Why Boris’s tree planting plans could damage the environment

Tree planting is one of those motherhood-and-apple pie policies that it’s quite hard to argue with. We have a climate crisis, and a dreadful decline in biodiversity, and more trees will help with that. They will restore our denuded landscape to something more natural, and they’re good for our mental health. Only a curmudgeon could carp about tree planting, which is presumably why the main political parties spent the last election having a plant-off about how many trees they want to get in the ground. The government has a target of 30,000 hectares a year across the UK by 2025, and Boris Johnson has been linking his tree ambitions to

The fatal flaw in Boris’s ten point carbon plan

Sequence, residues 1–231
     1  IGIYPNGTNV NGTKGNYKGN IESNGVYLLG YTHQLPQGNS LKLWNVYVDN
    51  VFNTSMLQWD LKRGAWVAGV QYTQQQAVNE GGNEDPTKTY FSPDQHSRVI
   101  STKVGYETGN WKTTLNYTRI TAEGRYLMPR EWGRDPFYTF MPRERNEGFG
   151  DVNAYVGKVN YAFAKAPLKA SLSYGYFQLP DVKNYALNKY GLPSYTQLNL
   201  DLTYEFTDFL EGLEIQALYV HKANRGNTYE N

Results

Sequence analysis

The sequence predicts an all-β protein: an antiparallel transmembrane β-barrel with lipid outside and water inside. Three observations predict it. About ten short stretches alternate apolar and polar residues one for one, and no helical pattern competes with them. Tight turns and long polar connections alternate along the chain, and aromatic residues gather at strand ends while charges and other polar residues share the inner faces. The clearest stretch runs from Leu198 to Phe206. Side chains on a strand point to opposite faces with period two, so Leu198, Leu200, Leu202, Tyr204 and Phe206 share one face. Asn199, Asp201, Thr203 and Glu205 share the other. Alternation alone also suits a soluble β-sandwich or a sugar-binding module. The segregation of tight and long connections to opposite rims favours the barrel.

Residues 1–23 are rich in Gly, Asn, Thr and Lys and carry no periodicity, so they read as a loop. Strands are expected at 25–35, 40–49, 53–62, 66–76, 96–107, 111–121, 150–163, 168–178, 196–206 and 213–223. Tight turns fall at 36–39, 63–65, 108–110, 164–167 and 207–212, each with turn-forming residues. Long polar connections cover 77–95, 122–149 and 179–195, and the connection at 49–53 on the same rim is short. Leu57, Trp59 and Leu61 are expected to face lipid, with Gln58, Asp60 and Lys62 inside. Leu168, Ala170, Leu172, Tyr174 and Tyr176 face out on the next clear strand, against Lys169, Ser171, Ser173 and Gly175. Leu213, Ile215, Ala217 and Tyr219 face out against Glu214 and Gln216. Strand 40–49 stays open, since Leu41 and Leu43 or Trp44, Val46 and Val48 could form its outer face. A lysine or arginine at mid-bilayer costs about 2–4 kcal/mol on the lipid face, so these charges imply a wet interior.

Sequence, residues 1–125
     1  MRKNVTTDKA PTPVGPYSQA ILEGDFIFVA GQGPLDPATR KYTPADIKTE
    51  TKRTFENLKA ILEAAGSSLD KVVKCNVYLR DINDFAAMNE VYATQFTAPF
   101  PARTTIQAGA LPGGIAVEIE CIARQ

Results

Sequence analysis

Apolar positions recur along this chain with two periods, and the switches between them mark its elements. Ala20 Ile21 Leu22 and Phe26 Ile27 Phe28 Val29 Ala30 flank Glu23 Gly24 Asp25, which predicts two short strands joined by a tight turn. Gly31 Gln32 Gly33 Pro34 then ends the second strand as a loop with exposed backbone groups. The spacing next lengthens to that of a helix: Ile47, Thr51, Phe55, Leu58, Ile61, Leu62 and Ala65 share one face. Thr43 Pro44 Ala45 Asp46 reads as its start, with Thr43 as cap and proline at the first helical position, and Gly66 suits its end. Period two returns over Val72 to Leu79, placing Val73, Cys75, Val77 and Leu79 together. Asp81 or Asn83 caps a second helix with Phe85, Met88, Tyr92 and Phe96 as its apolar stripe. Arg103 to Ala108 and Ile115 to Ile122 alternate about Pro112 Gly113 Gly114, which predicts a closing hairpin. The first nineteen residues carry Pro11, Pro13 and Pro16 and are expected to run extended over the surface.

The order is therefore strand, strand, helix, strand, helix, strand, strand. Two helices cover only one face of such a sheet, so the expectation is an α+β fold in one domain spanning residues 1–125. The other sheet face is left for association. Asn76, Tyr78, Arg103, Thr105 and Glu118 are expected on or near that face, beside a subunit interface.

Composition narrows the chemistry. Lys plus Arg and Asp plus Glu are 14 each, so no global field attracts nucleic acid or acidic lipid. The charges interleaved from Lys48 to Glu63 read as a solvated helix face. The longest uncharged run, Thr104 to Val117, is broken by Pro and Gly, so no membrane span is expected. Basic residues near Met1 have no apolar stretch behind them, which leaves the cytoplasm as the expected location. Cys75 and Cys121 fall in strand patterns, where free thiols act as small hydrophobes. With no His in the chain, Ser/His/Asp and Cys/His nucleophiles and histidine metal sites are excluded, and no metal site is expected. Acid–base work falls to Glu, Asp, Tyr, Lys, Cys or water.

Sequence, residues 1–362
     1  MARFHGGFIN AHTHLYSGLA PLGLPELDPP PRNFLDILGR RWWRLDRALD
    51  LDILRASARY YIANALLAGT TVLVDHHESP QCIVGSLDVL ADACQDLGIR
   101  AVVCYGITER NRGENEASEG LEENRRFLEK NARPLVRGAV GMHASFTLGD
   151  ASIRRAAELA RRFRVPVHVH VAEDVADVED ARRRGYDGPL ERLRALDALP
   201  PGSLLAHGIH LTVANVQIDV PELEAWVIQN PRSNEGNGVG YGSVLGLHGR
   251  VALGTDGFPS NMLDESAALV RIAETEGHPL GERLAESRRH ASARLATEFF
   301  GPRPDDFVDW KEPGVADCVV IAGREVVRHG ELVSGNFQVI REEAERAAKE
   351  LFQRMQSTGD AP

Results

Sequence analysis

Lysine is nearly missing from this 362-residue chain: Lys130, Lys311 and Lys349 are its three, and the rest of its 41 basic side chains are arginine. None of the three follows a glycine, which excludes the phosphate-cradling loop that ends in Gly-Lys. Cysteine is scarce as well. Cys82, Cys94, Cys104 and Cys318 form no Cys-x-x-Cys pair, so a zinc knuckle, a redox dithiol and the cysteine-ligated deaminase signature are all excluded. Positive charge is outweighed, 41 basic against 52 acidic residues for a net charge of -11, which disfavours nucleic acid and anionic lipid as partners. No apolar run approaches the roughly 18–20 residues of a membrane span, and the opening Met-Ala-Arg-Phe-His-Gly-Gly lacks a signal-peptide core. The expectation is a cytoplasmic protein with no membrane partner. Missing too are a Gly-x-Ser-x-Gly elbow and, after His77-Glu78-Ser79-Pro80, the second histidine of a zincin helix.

There is nothing wrong with the general direction of policy contained within the government’s ten point plan to cut carbon emissions, announced today. Who doesn’t want clean energy and more energy-efficient homes and vehicles? The problem is the perverse target which lies at its heart: the legally-binding demand, laid down in the Climate Change Act, to cut carbon emissions to net zero by 2050. This is so badly defined that the government’s ten point plan becomes really little more than a manifesto to export much of British industry, food production and power generation. The UK’s definition of carbon emissions, as used in the Climate Change Act, covers only ‘territorial’ emissions